the primordial chaos demon of the ocean who serves as the primary
antagonist in the Babylonian creation myth,
The Enûma Eli.
[Side Note: This
text, along with the Neo-Sumerian
Epic of Gilgamesh, were both
re-discovered in 1849 by the British archaeologist Sir Austen Henry
Layard at the Royal Library of Ashurbanipal at Nineveh. Ashurbanipal
was the last great king of the Neo-Assyrian Empire.]
Likewise, dark, malevolent gods were present in their cosmology...
and none was more vile that Ereshkigal, the goddess of the
underworld, or Irkalla.
Along with Nergal,
the plague god, Ereshkigal acted as the tyrant of Irkalla and was
the chief judge of the dead.
The story of Inanna's descent into the underworld provides a glimpse
into Ereshkigal's wickedness:
Naked and bowed
low, Inanna entered the throne room.
from her throne.
toward the throne.
The Annuna, the
judges of the underworld, surrounded her.
judgment against her.
fastened on Inanna the eye of death.
She spoke against
her the word of wrath.
against her the cry of guilt.
She struck her.
Inanna was turned
into a corpse,
A piece of
And was hung from
a hook on the wall...
is more commonly known by her Akkadian name of Ishtar,
manages to defeat the machinations of Ereshkigal and returns to the
world of the living.
For her pain, Ereshkigal
threatens Inanna with a show of her power, to send her army of the
dead above ground as a moving pestilence bent upon destruction.
To their enemies, the Assyrian hordes must have seemed like
Ereshkigal's army of the ravenous dead; they were a nation of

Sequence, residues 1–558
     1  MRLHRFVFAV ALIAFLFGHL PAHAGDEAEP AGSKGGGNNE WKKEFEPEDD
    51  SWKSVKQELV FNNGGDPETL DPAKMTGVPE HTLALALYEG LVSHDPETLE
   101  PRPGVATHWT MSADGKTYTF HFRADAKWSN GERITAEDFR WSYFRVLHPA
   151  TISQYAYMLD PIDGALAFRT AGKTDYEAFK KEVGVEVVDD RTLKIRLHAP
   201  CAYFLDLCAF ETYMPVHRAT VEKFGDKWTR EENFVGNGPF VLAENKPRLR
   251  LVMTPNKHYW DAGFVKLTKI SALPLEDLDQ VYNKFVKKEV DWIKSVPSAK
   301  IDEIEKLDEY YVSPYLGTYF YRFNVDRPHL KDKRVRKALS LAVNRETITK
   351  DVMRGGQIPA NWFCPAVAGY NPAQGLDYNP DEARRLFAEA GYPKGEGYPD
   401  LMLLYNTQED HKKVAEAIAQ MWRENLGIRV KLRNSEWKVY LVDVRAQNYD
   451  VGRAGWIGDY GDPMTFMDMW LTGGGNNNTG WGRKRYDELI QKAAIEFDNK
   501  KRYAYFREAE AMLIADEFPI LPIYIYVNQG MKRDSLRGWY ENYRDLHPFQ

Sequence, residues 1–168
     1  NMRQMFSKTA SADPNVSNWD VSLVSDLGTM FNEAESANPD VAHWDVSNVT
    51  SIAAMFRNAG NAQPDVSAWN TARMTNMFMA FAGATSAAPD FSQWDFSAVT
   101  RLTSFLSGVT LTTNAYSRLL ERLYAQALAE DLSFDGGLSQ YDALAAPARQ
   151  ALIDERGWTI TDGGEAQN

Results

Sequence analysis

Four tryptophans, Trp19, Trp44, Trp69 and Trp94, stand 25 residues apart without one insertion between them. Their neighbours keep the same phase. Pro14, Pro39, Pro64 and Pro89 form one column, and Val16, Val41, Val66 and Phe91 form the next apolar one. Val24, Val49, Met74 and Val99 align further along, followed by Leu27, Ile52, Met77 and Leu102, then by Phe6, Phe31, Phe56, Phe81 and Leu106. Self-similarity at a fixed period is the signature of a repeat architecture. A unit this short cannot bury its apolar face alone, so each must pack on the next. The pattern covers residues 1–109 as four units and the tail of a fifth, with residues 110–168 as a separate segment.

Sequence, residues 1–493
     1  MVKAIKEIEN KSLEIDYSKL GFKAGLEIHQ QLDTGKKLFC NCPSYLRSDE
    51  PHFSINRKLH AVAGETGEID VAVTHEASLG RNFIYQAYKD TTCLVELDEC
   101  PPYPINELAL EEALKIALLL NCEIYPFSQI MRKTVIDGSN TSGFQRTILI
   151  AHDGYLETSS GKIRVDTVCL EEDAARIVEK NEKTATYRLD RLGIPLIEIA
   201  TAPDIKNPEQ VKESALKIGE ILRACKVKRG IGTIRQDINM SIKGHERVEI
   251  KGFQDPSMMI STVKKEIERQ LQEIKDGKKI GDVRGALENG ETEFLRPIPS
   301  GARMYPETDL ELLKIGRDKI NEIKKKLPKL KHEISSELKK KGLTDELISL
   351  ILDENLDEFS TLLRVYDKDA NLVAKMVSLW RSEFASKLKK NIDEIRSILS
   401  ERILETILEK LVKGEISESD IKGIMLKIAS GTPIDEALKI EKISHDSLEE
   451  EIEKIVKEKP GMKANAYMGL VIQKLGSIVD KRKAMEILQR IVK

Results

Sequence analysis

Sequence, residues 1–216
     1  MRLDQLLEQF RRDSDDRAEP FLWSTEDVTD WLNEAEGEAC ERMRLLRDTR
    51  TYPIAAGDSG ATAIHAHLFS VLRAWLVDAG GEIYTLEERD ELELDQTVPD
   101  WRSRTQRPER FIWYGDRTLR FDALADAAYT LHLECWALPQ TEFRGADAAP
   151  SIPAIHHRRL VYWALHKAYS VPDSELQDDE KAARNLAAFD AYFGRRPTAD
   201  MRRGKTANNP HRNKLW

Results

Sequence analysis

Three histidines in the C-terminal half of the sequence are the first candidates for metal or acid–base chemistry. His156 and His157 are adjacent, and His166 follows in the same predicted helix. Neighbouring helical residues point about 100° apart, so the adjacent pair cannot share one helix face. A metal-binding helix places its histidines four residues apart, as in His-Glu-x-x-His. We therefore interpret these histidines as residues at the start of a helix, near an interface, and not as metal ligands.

And although their rise
was slow and their fall spectacular, the Assyrians left an indelible
mark on the regions that they conquered... More than anything else,
they spread fear.
Evidence of this can be found in the fact that the early Jews turned
the Assyrian gods into demons.
the Assyrian version of Ishtar, became Astaroth,
the Crowned Prince of Hell.
Assyrian Bel, who would be called Baal by
the Canaanites, would become Beelzebub, the demonic "Lord
of the Flies."
Although these later
Judeo-Christian interpretations form the Western world's view of the
Mesopotamian religion as being thoroughly evil, the Assyrians
themselves weren't without their own demons.
(Again, most Assyrian
demons were present beforehand, in the mythos of earlier
These include the
Sumerian ekimmu, a type of vampiric ghost, or the Akkadian lilu
and lili, who were male and female demons that more than likely
served as the inspiration behind Lilith in the Old Testament.
Demons that were
specific to the Assyrians - or at least more often used by them
- include Ilu Limnu, the "evil god" who is never given definite
characteristics, and the gallu, or bull demon.)
The Devils and Evil
Spirits of Babylonia,
the Assyriologist Reginald Campbell Thompson details the
vampires, hobgoblins, ghosts",
...that cursed the
regions around the Tigris and Euphrates... as well as the Babylonian
and Assyrian incantations that were used against them.
According to Thompson, the Assyrians held a great fear of sorcerers,
whom they called the "Raiser of the Departed".
However, they feared the ekimmu and wind spirits above all else.
The most famous Assyrian wind spirit known widely today is
Pazuzu, the son of the god Hanbi and the demon of the
With the body of a lion
or dog, a scorpion's tail, wings, talons, and a serpentine phallus,
Pazuzu brought famine and locusts during the dry seasons.
In an odd twist, Pazuzu
was the rival of Lamashtu (the goddess who preyed on
pregnant women and children), and as such, his image was often used
to combat other demons.
Of course, Pazuzu's notoriety is the result of William Peter
Although the film is more
obvious than the book in depicting the spirit of Pazuzu as a
monstrosity haunting young Regan MacNeil (neither, however, directly
state that the demon is indeed Pazuzu), the message is still clear.
Blatty's decision to make
the chief evil in The Exorcist a pre-Christian, Assyrian
demon is in keeping with the Western tradition of seeing all things
Mesopotamian as depraved.
Furthermore, by beginning his novel, and thus the film, in northern
Iraq, Blatty made the conscious decision to play upon his audience's
Namely, that the land
of the old Assyrians is indeed a land of demons...